New windows add value to your home and can add energy efficiency. A window replacement is also sometimes necessary after a storm. Whether you’re replacing a broken window or upgrading your windows for increased home value, it’s important to know what to expect during the installation project.
Jump to content:
- Acquiring Windows Permits
- Scheduling the Window Installation
- Preparing for the Window Installation
- During Your Window Installation
- Unforeseen Circumstances
- After the Window Replacement is Complete
Acquiring Windows Permits
Check with your local building department to find out if a permit is needed for new window installation. This is usually the case if the current window opening will be modified to accommodate a different size or type of window. A permit may also be required if you live in a state considered to be in the hurricane zone located along the East Coast and Gulf Coast where impact-resistant windows are mandatory.
Scheduling the Window Installation
The number of windows being replaced will determine the number of days the project will take. On average, expect between a two to three-day timeframe to start and complete the project. This is contingent on everything running smoothly and no additional repairs needed or inclement weather interfering with the installation schedule.
Preparing for the Window Installation
To help prepare your home for your window replacement, consider doing the following:
- Remove shades, blinds, and window treatments. All plants, or decorations, on window ledges and sills should also be moved to not interfere with the project.
- Clear a pathway to each window both indoors and outdoors. Remove any obstacles such as flowerpots, patio chairs, barbecue grills and toys located outside. If hedges or vines are covering the windows, trim them back so the installer can access the window easily. Inside, move tables, lamps, throw rugs, breakable items and wall hanging art and pictures. You don’t want anything in the way that could slow down the crew or cause them to trip.
- Turn off any security features you have on your windows. You don’t want to sound a false alarm during the project.
- Make room for the crew’s equipment so they can reach it quickly and easily. Since there could be cutting, caulking and painting involved with the project, lay drop cloths over the floor and furnishings for protection. Some installers bring their own drop cloths and padding, so check with them before they arrive.
- Decide and communicate with the installation team which doors will be used to gain access to your home and what procedures you feel most comfortable with for home access.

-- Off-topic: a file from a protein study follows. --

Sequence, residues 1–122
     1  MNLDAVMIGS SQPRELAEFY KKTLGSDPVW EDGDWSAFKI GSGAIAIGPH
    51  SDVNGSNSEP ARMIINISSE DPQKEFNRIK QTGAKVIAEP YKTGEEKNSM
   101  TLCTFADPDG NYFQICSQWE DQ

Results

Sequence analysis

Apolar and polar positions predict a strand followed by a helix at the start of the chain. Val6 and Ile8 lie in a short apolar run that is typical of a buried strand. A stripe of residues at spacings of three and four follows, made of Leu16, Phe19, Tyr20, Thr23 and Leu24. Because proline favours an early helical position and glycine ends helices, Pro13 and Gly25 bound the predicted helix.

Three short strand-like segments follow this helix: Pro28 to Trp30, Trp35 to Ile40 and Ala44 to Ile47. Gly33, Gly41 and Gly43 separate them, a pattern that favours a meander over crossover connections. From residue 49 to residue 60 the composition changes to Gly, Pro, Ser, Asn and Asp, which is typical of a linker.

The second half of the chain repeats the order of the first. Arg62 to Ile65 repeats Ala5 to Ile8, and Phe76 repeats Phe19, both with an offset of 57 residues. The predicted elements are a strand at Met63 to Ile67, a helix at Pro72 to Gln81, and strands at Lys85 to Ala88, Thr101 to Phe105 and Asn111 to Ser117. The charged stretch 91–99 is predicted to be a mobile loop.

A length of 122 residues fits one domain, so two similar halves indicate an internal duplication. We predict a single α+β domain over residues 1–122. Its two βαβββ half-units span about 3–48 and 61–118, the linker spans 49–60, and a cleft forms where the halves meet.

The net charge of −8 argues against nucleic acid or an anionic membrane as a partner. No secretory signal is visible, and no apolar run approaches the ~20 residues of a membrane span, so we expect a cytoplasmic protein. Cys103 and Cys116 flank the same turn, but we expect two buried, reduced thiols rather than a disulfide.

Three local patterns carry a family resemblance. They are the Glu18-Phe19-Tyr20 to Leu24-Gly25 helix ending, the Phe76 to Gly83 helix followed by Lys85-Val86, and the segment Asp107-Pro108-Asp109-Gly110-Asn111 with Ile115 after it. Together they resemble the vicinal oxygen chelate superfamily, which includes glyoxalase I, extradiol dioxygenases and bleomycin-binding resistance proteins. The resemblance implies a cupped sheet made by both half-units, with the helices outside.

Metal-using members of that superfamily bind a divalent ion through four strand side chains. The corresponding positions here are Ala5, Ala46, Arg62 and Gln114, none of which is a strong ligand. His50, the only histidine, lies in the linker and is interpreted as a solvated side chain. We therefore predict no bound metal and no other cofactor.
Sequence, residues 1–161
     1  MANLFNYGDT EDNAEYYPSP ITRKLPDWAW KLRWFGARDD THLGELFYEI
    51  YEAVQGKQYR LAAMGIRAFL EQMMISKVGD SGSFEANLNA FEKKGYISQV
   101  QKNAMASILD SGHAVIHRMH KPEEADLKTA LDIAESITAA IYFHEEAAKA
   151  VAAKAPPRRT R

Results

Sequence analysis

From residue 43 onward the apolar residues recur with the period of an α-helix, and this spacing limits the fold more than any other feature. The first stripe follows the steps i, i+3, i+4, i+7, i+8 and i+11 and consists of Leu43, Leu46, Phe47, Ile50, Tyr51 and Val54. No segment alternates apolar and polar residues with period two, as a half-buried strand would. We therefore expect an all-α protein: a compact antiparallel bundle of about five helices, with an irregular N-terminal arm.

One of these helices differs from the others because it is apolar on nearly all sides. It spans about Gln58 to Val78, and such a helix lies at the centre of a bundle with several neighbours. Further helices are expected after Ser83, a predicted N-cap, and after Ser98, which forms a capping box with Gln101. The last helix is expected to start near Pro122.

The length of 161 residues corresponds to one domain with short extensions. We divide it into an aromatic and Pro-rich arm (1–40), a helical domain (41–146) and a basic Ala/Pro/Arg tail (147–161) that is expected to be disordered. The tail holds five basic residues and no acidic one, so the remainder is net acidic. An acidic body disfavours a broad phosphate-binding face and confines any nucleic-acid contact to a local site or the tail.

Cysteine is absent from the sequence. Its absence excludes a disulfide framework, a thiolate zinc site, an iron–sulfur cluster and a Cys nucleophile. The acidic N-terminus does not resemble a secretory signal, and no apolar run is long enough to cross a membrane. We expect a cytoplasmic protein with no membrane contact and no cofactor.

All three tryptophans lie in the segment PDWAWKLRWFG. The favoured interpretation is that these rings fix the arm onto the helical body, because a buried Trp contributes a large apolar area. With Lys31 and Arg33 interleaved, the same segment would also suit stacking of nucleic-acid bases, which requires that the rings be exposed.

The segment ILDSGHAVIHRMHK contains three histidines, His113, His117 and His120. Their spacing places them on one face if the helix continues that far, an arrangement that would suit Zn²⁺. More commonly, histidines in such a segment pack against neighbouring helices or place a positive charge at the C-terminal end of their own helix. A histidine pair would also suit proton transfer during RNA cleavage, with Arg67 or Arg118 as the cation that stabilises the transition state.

- For safety purposes, if you have pets, put them in a safe and secure location and keep children away from the work area.
During Your Window Installation
When your windows are delivered, triple check to ensure the windows are the correct brand and spec. Take note if you see any broken glass or damage when they arrive. You will want to bring any errors or accidents to the attention of your contractor.
When your contractor and team arrive, they will prep the project area with protective coverings.
Your old windows will be carefully removed, and the replacement windows will be installed. As a general rule, only one window is removed and replaced, at a time. This ensures that your home is not exposed to the elements, especially if the project runs over time.
Old windows will be properly disposed of by your contractor.
Be prepared for the unexpected. Nothing may arise, but until a window is removed, the contractor won’t know if there are underlying issues that need attention. This can mean an increase in the initial cost of the project or a longer project time.
Should weather become an issue, this can also prolong the project. Find out your window installer’s weather policy. While they may be fine working in the rain or snow, you may not want the interior of your home to get muddy or wet. Decide together what are acceptable weather conditions for your project.
After the Window Replacement is Complete
After your windows have been installed, perform a walkthrough with your contractor. Take note if:
- There are visible gaps between the window frame and the sill or the wall. Windows should be measured precisely and should sit flush again the wall with no gaps.
- Depending on the type of window installed, you should be able to open and close the window easily. If there is any creaking or sticking, the sash could be installed incorrectly.
Lastly, review any window warranty questions you may have with your contractor. Save this information, and your window labels, in a safe location.
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